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Top Doc 2022

logo greenLast week my former resident, Aaron Nichols, mentioned to me that I was listed as one of Newsweek’s top optometrists for 2022 and that he had commented on Facebook about my esteemed status. Of course I reviewed the list and was pleased to see some familiar names, over 20 colleagues from my alma mater, the State University of New York College of Optometry, including former professors and current colleagues as well as 2 well respected other CT optometrists. In some ways it felt like a big deal and in other ways not so much.

It was an honor to be recognized for my 40 years in the great field of optometry, beginning as a young 15 year old helping out on Saturdays and during the week for my optometrist, Dr. Carl Gruning, a 40 year instructor in vision therapy at SUNY Optometry and former president of COVD, the College of Optometrists for Vision Development. As a young person, I was amazed at the power of vision therapy to change lives, witnessing first hand children and adults struggling and exhibiting immature behaviors such as not making eye contact, bumping into people and walls, and grunting instead of speaking. Sometimes weeks or months later these patients would engage with me and demonstrate appropriate social behaviors. Naturally, I wanted to go into optometry to help others in much the same way.

To that end I worked for and observed in many different practices through the years, including Dr. Andrea Thau’s practice while in optometry school, another Newsweek 2022 top optometrist recipient, as well as other former professors Dr. Steve Shaby and Dr. Bob Byne. I studied with some great minds including Drs. Paul Harris, Dr. Gus Forkiotis, Dr. Al Shankman and Dr. Marc Grossman. Early on in my career I opened my own practice in Norwalk, CT to provide vision therapy and behavioral care to my patients. Over time I added another location in Trumbull, CT with support from my husband at the time, Dr. Neil Rosen. My current practice, EyeCare Associates, PC, was formed when Dr. Stephen Carr and I purchased Dr. Gruning and Dr. Mellinger’s Southport practice and then Dr. Shaby’s Stamford practice, who remains with us today.

The intention was to continue to provide care that made a positive difference in the lives of our patients. Every day we see patients who are seeking exceptional vision care, many of whom require specialized contact lens, dry eye, and functional vision care. Through the years I have been grateful to be able to work with many amazing optometrists in our practice, including Dr. Narvan Bennett for many years and Dr. Tanya Ayzikovich Bloom, also our first resident in our SUNY vision therapy and rehabilitation residency program. I am currently appreciative to be working with some truly compassionate and capable optometrists. Dr. Justin Rapp is well loved by his patients and specializes in contact lenses, dry eye and disease management. Patients who have had difficulty finding the right fit for contacts or cannot wear contact lenses due to dry eye are happy to finally be able to wear contact lenses. Dr. Magy Tepliz’s patients appreciate her care in primary care and contact lenses and family members return to see her. Drs. Jason Grygier, Diana Ngo, Maryam Nizami, Sonia Singh and Steve Shaby all provide routine care as well as specialize in functional vision care and vision therapy. They routinely see patients with ongoing vision problems including difficulty with blurred vision, double vision, lazy eyes, reading challenges, and complications from concussions, brain injuries, inflammatory diseases, and more.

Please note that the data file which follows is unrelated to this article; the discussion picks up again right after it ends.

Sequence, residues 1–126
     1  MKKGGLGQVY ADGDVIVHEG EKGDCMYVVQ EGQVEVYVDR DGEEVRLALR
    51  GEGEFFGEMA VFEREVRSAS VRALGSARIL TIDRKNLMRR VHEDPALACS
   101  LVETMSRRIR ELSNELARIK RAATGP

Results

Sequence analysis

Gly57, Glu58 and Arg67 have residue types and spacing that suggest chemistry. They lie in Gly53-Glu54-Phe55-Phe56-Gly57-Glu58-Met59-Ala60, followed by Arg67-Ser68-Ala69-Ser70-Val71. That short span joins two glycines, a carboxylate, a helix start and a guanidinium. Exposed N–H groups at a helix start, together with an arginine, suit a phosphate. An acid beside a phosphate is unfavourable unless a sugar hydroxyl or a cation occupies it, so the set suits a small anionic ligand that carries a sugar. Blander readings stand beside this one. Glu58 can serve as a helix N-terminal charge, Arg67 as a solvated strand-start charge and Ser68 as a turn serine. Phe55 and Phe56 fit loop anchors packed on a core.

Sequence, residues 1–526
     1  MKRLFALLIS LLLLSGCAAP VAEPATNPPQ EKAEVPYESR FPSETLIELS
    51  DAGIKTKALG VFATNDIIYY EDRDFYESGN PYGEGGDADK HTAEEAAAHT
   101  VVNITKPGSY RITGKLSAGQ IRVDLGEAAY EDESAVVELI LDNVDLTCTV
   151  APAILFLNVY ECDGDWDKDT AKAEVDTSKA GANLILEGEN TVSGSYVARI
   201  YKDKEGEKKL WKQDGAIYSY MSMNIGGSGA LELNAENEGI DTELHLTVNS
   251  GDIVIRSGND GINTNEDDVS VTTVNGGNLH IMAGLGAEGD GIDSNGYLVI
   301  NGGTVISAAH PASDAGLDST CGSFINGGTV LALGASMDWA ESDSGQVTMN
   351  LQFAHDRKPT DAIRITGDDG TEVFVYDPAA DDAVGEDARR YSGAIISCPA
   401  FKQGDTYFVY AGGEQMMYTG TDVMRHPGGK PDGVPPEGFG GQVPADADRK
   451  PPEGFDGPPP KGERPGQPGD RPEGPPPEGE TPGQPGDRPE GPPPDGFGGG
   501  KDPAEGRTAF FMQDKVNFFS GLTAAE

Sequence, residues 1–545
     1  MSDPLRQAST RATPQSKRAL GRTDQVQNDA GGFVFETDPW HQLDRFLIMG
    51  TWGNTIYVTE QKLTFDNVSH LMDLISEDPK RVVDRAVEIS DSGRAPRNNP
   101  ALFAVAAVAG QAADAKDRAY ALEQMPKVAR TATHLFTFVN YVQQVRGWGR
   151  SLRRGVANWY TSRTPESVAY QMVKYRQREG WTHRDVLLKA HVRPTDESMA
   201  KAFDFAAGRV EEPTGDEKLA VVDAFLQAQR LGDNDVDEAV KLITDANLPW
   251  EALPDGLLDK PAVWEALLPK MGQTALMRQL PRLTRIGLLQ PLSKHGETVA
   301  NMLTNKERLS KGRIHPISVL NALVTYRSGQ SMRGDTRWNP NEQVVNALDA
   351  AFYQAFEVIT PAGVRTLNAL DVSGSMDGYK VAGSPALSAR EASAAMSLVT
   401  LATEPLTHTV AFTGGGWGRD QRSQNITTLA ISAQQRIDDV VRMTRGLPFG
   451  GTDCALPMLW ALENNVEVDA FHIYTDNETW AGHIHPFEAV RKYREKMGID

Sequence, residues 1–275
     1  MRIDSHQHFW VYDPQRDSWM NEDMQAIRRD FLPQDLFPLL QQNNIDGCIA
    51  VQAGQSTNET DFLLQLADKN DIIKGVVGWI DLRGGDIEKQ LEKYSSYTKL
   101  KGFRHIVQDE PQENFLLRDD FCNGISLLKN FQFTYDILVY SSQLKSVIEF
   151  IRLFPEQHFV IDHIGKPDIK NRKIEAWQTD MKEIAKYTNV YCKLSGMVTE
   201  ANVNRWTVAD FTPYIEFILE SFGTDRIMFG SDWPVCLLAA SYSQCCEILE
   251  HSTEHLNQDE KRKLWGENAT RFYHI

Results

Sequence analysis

The practice is dedicated to comprehensive and integrative patient care. The doctors, team members, and vision therapists love to see the smiles and changes in our patients. They report improvements in school, ability to drive, healing from a brain injury, reducing or controlling myopia, enjoying sports more since wearing contact lenses, and reducing a lifelong eye turn. I recall the child who could not read who is now reading Harry Potter books, the 20 year old who could not get his license due to an eye turn that is happily driving after vision therapy, the stroke patient who no longer sees double, and the mother who recently reported to me in tears after seeing me 7 years later the positive impact prism glasses had on her son with learning challenges.

So, yes, it is exciting to achieve this recognition. Yet, at the same time, there is nothing else I would do as a career and I need no acknowledgment for my care. It is a labor of love and all the accolades I need come from each and every patient whose lives are changed for the better through our care. I am lucky to have learned from and worked with so many other doctors who also change lives and have the opportunity to teach the next generation of interns, residents, and interested optometrists.

Randy Schulman, O.D., FCOVD, FCSO